Haidt, J. (2003). Elevation and the positive psychology of morality. In C. L. M. Keyes & J. Haidt (Eds.), Flourishing: Positive Psychology and the Life Well-Lived (pp. 275-289). Washington, D.C.: American Psychological Association.

Haidt, J. (2003). The moral emotions. In R. J. Davidson, K. R. Sherer, & H. H. Goldsmith, Handbook of Affective Sciences (pp. 852-870). New York: Oxford University Press.

Haidt, J. (2006). The Happiness Hypothesis: Finding Modern Truth in Ancient Wisdom. New York: Basic Books.

Haidt, J. & Seder, P. (2009). Admiration and awe. In D. Sander & K. Scherer (Eds.), Oxford Companion to Emotion and the Affective Sciences. New York: Oxford University Press.

Keltner, D. & Haidt, J. (2003). Approaching awe: A moral, spiritual, and aesthetic emotion. Cognition and Emotion, 17(2), 297-314.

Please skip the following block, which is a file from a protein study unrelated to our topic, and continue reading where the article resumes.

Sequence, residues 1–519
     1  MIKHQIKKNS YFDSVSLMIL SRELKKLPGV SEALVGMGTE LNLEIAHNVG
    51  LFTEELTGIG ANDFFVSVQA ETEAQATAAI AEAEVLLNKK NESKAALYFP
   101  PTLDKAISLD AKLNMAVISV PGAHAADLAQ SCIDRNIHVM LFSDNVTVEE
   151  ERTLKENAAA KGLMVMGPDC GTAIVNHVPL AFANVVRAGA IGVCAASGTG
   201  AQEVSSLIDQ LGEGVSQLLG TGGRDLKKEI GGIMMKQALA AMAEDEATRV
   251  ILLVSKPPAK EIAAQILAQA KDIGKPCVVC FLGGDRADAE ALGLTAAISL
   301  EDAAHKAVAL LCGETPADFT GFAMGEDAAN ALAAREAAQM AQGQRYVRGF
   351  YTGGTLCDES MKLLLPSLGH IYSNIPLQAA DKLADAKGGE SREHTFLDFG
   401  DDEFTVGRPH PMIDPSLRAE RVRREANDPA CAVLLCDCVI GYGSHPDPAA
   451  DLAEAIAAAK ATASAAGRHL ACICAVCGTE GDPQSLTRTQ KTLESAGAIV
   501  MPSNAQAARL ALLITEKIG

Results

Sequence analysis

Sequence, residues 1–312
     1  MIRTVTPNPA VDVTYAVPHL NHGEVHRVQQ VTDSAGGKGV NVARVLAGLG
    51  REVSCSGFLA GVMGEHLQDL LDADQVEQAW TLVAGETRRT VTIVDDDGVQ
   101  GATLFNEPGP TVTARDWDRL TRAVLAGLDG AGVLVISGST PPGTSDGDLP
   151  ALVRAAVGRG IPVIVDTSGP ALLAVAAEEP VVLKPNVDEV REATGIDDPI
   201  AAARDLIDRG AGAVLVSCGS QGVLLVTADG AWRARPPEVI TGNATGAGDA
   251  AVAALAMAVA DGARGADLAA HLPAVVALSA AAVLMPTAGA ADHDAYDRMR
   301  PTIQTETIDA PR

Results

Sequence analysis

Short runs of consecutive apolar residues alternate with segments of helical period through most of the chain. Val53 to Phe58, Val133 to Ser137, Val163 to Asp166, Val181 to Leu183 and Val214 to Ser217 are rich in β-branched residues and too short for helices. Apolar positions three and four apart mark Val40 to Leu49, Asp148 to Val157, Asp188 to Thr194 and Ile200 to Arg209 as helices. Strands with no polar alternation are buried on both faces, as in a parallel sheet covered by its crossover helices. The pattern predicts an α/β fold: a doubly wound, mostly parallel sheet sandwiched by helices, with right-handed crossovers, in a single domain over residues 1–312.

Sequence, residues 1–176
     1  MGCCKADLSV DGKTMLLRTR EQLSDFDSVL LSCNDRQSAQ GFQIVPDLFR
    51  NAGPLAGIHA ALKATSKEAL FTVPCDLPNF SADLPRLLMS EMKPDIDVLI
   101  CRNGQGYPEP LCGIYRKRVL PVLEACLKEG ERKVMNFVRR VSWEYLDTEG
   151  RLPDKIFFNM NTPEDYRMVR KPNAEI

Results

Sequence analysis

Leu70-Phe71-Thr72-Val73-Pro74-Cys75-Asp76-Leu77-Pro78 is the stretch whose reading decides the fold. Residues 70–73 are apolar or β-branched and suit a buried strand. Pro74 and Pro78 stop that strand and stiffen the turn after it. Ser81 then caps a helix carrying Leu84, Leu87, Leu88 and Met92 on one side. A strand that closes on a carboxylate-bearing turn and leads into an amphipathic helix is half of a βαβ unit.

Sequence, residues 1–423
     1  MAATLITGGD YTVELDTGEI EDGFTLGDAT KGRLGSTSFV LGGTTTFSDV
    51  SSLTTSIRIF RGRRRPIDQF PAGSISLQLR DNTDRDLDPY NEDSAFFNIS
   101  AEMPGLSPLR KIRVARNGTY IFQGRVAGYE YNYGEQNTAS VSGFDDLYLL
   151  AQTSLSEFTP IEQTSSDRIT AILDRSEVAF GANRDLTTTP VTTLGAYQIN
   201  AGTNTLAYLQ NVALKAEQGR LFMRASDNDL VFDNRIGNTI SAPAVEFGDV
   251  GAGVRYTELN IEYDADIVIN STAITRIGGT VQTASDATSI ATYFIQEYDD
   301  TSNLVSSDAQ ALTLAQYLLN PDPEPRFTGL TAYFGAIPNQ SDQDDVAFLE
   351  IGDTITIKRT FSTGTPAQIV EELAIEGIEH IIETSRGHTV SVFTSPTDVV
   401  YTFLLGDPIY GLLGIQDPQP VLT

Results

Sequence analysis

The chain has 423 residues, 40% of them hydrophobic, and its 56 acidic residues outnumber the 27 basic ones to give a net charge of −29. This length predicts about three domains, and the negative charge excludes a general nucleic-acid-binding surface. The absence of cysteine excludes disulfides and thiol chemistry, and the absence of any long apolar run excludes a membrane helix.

Keltner, D. & Ekman, P. (2000). Facial expression of emotion. In M. Lewis & J. M. Haviland-Jones (Eds.), Handbook of Emotions, Second Edition (pp. 236-249). Guilford Press.

Peterson, C. & Seligman, M. E. P. (2004). Character strengths and virtues: A handbook and classification. Oxford: Oxford University Press.

Vianello, M., Galliani, E.M. & Haidt, J. (2010). Elevation at work: The effects of leaders’ moral excellence. The Journal of Positive Psychology, 5:5, 390 — 411.

Photo Credit: via Compfight with Creative Commons licenses
Foggy Day courtesy of Nicholas Erwin
Butterfly bush courtesy of The Marmot
Boarded up house courtesy of contemplative imaging
Double rainbow courtesy of Rob!